The Texas Supreme court has ruled in favor of a group of middle and high school cheerleaders who displayed banners with religious messages on them at football games.
With the court’s decision, the case will be sent back to a lower appeals court where it was initially dropped as Kountze Independent School District decided to allow Bible verses and religious messages on the banners, according to the Statesman.
“The District no longer prohibits the cheerleaders from displaying religious signs or messages on banners at school-sponsored events. But that change hardly makes ‘absolutely clear’ that the District will not reverse itself after this litigation is concluded,” the high court said in the 8-0 ruling.
In this Sept. 19, 2012 file photo, Kountze High School cheerleaders and other children work on a large banner in Kountze, Texas. Credit: AP
“Throughout this litigation, the district has continually defended not only the constitutionality of that prohibition, but also its unfettered authority to restrict the content of the cheerleaders’ banners — including the apparent authority to do so based solely on their religious content,” Justice John Devine wrote in the opinion.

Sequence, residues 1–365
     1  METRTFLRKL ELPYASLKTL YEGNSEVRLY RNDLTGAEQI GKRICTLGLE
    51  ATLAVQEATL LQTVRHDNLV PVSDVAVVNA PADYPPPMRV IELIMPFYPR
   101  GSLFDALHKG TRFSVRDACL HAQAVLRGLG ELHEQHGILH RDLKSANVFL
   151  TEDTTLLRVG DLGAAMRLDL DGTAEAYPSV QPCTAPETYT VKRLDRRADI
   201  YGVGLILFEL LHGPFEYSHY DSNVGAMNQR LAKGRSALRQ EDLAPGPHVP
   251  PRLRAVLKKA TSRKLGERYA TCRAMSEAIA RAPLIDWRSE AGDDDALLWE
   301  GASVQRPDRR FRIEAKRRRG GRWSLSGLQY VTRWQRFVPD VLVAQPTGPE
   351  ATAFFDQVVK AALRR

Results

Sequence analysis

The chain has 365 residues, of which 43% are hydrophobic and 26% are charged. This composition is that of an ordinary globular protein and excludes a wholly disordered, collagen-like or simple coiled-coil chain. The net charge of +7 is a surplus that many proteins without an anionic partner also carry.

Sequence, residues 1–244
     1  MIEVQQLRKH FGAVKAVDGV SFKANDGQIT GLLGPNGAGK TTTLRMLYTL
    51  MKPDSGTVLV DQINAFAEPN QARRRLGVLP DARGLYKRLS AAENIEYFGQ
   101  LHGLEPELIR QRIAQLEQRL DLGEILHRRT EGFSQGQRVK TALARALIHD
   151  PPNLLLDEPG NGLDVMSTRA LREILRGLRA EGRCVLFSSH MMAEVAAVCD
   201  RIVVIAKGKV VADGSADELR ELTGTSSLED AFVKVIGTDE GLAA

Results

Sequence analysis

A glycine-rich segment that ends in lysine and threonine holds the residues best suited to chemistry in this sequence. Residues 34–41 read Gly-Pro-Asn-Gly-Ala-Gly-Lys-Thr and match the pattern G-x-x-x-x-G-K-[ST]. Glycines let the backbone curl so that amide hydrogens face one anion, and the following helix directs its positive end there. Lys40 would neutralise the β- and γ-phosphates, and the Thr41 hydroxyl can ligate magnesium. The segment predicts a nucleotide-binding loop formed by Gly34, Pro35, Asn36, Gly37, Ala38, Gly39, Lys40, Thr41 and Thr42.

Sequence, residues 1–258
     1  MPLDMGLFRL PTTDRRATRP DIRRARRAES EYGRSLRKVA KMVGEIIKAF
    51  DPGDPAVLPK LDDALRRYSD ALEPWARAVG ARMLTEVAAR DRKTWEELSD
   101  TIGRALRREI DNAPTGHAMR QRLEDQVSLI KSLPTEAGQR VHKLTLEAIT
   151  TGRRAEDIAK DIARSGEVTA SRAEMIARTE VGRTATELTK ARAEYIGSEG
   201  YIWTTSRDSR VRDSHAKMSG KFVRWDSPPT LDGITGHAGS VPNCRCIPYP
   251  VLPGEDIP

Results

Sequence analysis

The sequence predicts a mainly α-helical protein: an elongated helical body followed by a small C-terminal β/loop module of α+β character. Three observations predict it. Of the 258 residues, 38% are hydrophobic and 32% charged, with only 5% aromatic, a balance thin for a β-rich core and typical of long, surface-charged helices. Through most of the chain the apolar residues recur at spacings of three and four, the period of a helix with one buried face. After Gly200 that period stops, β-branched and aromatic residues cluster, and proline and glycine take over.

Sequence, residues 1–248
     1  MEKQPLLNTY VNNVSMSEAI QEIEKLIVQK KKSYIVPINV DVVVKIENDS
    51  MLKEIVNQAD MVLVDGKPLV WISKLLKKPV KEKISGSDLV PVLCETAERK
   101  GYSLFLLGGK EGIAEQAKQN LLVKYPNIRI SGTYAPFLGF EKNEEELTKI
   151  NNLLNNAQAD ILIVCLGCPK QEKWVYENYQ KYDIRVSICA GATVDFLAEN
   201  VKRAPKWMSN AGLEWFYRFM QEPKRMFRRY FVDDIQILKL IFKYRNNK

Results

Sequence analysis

The incidents that provoked the case began in 2012 as cheerleaders at Kountze High School decided to decorate banners for the school’s football players to run through that included Bible verses and religious messages using their own money and resources. The signs attracted the attention of the Freedom From Religion Foundation, and the school district banned the banners.
A district court judged initially ruled that the cheerleaders had the right to display the banners at sporting events as they were “constitutionally permissible.” However, the school district appealed the ruling with the backing of the ACLU. The school district had decided to allow the banners but had the ability to censor them at will. The case was declared moot by the court of appeals as the cheerleaders were allowed to display the banners.
“This is an 8-0 victory for the free speech and religious liberty rights of all Texas students,” Kelly Shackelford, president of Liberty Institute, which helped represent the cheerleaders, told the Statesman. “In light of today’s Supreme Court ruling, we hope the (9th) Court of Appeals will resolve this case permanently in the cheerleaders’ favor.”
The case attracted the attention of conservatives nationwide, including Republican lawmakers in the state of Texas. Sen. Ted Cruz and Sen. John Cornyn teamed up together to file an amicus brief with the high court.
“Under the United States Supreme Court’s government-speech jurisprudence the answer is straightforward: messages created solely by student cheerleaders do not become government speech simply because aspects of cheerleaders’ activities are regulated by the school,” the brief stated. “Because the messages on the banners are the cheerleaders’ messages, the content of which is not dictated by the school, the speech is not the school’s, and it does not qualify as ‘government speech.’ The speech belongs to the cheerleaders, and it is entitled to First Amendment Protection.”